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I have this code :

$id = $_GET['id'];
mysql_query("UPDATE threads SET views = views + 1 WHERE id = '$id'");

but when I click refresh over and over the counter increases with each refresh.

How can I protect this counter from this with sessions or any other way?

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Do you mean you just want to count unique visits? –  Jonah Jan 9 '11 at 0:31
    
Yes this is what i mean. –  Swell Jan 9 '11 at 0:40
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4 Answers

You could set a session variable with (hasBeenCounted) and if that is set, you do not increment.

if(!isset($_SESSION['hasBeenCounted'])
{
    $id = $_GET['id'];
    mysql_query("UPDATE threads SET views = views + 1 WHERE id = '$id'");
    $_SESSION['hasBeenCounted'] = "counted";
}

EDIT:

session_start():

will need to be at the very top of any page that you intend to use sessions on.

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+1 simple, clean. You may need to use session_start() before monkeying around with $_SESSION otherwise you'll get an error. –  Mike B Jan 9 '11 at 0:35
    
@Mike: I edited my answer to include that reminder. –  Stefan H Jan 9 '11 at 0:37
    
I understand why you may have left it out.. calling it twice will also throw an error :p –  Mike B Jan 9 '11 at 0:38
    
This solution is not correct because it will work on all threads for example i opened title1 then refresh this thread ok the counter will not increase , but when i i open another thread title2 for example this thead will not increase also because the session has been set from the first thead, how can to link the session to thread ID ?! –  Swell Jan 9 '11 at 1:02
1  
Your server has no concept of the system's thread ID. Why would it matter that multiple threads from the same system are tied together like that? –  Stefan H Jan 9 '11 at 1:11
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One way to do this is to use sessions. However, in the end, that's not really scalable. As a user moves through your site, you could potentially have a massive session file. Additionally, every time a user creates a new session, you will record that view anyway.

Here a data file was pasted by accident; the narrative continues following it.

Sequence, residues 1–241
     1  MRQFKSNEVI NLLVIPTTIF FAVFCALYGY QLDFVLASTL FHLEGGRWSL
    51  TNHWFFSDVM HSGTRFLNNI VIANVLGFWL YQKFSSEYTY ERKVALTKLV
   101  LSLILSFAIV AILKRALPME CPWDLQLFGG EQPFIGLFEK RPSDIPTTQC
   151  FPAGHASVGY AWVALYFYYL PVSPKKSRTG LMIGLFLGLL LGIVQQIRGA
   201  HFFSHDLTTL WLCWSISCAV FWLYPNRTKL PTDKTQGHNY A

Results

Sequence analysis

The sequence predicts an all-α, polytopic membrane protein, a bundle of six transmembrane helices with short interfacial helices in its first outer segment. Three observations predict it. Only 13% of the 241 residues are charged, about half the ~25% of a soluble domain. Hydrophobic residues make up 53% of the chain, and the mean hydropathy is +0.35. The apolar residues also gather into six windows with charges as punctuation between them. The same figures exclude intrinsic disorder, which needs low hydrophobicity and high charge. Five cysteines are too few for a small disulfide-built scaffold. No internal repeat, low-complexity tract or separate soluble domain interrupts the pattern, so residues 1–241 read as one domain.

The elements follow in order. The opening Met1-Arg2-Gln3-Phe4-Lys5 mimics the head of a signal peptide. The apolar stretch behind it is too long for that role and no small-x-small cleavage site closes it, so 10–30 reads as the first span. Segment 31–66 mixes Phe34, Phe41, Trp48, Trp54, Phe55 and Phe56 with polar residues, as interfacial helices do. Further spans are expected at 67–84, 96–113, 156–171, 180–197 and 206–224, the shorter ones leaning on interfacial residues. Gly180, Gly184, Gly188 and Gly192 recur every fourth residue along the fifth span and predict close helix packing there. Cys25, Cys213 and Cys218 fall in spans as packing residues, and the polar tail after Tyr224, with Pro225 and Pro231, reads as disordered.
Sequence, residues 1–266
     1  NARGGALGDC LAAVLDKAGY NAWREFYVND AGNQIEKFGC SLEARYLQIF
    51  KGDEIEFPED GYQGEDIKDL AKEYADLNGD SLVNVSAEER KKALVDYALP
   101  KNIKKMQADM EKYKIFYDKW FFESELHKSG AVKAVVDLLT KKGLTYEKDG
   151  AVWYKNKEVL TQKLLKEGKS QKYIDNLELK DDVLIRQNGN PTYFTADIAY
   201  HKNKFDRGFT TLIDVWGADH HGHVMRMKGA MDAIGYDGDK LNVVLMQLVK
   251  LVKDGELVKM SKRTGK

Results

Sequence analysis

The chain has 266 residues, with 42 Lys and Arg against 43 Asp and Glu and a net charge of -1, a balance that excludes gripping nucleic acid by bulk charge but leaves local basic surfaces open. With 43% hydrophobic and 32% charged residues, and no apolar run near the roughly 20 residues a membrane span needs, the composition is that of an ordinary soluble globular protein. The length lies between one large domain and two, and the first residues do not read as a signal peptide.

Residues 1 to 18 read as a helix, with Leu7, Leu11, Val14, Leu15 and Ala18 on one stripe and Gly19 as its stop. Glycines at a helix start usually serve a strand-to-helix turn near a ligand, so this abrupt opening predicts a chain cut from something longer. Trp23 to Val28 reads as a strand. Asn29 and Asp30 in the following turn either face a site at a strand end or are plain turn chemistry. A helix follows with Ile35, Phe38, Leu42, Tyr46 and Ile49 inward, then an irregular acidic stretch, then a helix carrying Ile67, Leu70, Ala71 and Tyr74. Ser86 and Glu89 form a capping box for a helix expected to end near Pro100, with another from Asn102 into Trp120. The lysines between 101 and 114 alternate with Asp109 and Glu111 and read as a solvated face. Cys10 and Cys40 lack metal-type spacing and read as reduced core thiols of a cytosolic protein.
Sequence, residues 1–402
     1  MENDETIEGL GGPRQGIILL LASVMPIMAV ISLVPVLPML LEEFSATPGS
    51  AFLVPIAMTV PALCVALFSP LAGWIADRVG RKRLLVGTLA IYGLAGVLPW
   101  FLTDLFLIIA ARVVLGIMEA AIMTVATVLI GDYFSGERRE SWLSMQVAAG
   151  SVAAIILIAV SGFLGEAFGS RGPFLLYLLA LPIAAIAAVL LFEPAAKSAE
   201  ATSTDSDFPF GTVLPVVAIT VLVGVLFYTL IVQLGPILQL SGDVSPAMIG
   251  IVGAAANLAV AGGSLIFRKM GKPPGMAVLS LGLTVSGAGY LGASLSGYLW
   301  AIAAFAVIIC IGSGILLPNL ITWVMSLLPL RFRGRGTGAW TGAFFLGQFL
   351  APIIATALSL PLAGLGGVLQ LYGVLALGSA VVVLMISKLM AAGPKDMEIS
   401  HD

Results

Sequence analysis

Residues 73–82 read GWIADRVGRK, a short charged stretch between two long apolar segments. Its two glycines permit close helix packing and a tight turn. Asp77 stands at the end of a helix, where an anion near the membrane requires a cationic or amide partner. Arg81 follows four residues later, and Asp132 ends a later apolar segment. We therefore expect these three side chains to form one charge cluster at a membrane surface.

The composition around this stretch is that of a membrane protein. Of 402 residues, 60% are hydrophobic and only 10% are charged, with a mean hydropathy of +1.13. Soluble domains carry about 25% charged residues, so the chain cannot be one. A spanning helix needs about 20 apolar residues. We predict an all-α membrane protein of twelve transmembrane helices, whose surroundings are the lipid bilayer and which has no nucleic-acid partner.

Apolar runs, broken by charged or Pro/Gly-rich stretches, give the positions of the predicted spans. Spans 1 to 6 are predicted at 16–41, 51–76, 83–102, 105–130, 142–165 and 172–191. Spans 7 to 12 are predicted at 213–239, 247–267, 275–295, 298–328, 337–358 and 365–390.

If you only want to record a single view for a single user, you need to store that that user viewed the thread. Depending on whether your site only allows logged in users to view threads, or if your site is open to the public, you'll have to store something unique about each user in a separate table, structured something like this (your mileage will vary on field types):

 CREATE TABLE  `thread_views` (
`id` INT( 10 ) UNSIGNED NOT NULL AUTO_INCREMENT PRIMARY KEY ,
`thread_id` INT( 10 ) UNSIGNED NOT NULL ,
`user_id` INT( 10 ) UNSIGNED NOT NULL ,
`ts` TIMESTAMP NOT NULL
)

Every time a user views the thread, you'll need to check this table. If there's no record in thread_views, insert one, and the increment the views column in your threads table. If there is a row in thread_views, then you know the user has already viewed the thread.

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I think sessions with cookies are your best shot. You would probably want to set the cookie after the first visit, and then if the cookie is already set you don't update your view counter.

The syntax will be similar to this:

$expire=time()+2592000; //This is set to expire in 1 month (in seconds)
setcookie("visitor", "Already Visited", $expire);

This is how I would implement it:

if !(isset($_COOKIE["visitor"]))
{
   $expire=time()+2592000; //This is set to expire in 1 month (in seconds)
   setcookie("visitor", "Already Visited", $expire);
   $id = $_GET['id'];
   mysql_query("UPDATE threads SET views = views + 1 WHERE id = '$id'");
}
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$id = $_GET['id'];

if(!isset($_SESSION['hasBeenCounted']) || $_SESSION['hasBeenCounted'] != $id)
  {
  mysql_query("UPDATE threads SET views = views + 1 WHERE id = '$id'");
  $_SESSION['hasBeenCounted'] = $id;
  }

I've modified the code and it works now.

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